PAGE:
Staff of the Securities and Exchange Commission’s Office of Municipal Securities (“OMS”) released a Legal Bulletin (the “Legal Bulletin”) on February 7, 2020, expressing OMS staff’s views on the application of the antifraud provisions of the federal securities laws (generally referred to as the “antifraud rules”) to public statements of issuers and obligated persons of municipal securities. OMS staff prepared the Legal Bulletin in response to questions by market participants about the application of the antifraud provisions to statements of municipal issuers accessible on the Electronic Municipal Market Access (“EMMA”) system and otherwise.
The Legal Bulletin describes prior SEC statements regarding the applicability of the antifraud rules to communications reasonably expected to reach investors and the trading markets. The antifraud rules generally prohibit, in connection with the purchase or sale of any security, the making of any untrue statement of a material fact or omitting to state a material fact necessary in order to make the statements made, in light of the circumstances under which they were made, not misleading. Violations of the antifraud rules may result in injunctions and cease-and-desist orders prohibiting future violations of the securities laws, disgorgement of improperly obtained funds, and civil penalties. To prove a violation of the antifraud rules in the context of public statements, the SEC would need to show the issuer acted either with intent to deceive investors or recklessly with respect to whether its communications would mislead buyers or sellers.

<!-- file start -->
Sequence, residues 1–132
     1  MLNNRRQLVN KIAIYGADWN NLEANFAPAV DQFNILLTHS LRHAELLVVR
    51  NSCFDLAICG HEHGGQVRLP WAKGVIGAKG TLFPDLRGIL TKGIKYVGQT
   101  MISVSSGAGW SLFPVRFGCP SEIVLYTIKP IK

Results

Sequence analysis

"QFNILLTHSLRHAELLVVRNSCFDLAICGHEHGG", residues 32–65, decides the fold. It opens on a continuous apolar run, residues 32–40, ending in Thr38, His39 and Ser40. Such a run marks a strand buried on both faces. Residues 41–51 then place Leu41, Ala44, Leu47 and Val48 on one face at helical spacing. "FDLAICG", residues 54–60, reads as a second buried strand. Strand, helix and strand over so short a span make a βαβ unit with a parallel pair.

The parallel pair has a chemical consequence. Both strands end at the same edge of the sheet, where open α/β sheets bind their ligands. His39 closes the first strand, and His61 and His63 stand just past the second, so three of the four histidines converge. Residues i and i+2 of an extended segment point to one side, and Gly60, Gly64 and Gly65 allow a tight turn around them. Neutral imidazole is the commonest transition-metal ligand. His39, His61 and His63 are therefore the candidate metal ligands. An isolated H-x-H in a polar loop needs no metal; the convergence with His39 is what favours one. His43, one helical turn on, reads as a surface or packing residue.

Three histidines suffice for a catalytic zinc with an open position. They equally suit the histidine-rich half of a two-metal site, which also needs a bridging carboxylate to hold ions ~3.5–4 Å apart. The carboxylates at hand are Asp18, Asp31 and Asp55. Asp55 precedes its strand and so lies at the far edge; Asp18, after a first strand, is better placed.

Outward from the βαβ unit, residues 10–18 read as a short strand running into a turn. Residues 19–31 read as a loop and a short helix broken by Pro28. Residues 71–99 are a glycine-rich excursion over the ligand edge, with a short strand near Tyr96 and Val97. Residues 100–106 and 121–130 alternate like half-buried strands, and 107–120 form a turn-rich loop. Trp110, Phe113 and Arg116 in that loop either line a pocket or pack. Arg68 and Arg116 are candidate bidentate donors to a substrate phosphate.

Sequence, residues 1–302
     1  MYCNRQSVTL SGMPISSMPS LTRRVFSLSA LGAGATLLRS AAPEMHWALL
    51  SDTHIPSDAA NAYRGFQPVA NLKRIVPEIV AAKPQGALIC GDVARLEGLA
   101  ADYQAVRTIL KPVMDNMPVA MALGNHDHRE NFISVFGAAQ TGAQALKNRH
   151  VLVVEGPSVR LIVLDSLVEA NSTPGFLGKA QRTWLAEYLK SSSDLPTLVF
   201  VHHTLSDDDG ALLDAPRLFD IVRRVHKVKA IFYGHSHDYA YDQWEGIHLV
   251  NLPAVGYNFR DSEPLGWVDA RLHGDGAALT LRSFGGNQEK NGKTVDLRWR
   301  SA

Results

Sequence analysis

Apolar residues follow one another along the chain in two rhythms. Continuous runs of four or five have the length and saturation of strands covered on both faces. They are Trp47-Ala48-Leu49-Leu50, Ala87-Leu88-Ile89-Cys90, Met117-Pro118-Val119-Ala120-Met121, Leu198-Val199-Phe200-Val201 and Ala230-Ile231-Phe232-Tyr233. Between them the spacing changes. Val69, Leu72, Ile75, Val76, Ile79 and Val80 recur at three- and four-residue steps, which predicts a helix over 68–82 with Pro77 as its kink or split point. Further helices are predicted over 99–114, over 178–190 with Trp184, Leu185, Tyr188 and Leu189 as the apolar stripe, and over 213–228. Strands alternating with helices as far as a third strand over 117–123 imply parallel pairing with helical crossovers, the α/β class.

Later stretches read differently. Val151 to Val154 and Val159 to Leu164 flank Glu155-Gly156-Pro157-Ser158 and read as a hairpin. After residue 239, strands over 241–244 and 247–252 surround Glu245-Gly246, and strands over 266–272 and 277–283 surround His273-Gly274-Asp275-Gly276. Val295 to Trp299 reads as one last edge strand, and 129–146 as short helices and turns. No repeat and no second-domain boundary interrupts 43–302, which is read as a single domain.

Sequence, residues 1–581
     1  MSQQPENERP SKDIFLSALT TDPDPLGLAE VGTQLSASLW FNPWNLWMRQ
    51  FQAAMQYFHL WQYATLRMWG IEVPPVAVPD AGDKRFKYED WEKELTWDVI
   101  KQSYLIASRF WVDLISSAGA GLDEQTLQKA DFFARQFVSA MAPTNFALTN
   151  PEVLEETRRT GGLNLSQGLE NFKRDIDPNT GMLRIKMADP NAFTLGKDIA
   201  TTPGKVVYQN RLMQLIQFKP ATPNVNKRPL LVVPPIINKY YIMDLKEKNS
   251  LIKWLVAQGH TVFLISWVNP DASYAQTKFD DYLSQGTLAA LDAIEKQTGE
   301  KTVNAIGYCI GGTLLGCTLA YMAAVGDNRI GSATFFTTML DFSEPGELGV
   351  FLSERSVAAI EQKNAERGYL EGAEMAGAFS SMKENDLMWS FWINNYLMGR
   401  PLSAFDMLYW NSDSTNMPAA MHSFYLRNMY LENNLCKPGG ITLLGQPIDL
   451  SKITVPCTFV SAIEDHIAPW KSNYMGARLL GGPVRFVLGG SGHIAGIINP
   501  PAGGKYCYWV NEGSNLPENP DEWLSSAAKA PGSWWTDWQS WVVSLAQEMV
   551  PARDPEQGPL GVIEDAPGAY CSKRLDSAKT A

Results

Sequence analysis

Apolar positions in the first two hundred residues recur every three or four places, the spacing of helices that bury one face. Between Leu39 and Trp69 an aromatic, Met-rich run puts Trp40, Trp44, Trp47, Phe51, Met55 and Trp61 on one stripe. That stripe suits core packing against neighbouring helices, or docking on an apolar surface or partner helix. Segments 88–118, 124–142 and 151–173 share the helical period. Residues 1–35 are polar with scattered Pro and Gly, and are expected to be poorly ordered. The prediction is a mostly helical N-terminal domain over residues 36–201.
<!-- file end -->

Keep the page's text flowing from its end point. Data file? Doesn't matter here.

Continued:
The Legal Bulletin provides certain examples of potential statements which may implicate the antifraud provisions, including statements of issuer officials and information on an issuer’s website. The Legal Bulletin encourages issuers to adopt disclosure policies and procedures
“…which, among other things, designate an individual responsible for compliance with such policies and procedures; establish a periodic training schedule for issuer staff and officials responsible for developing, reviewing, and disseminating issuer disclosures; identify the documents, reports, etc. which customarily contain current information about, for example, the financial and operational condition of the issuer and establish a process by which the issuer makes such documents, reports, etc. regularly available to investors; and identify the place or places at which the issuer makes such documents, reports, etc. regularly available to the public, which may include a central repository, such as the EMMA system, or an investor-relations website.”
Many municipal issuers have already adopted disclosure policies and procedures or have developed a pattern of practice consistent with the SEC’s guidance. We recommend all municipal issuers and obligated persons review current practices in light of the Legal Bulletin.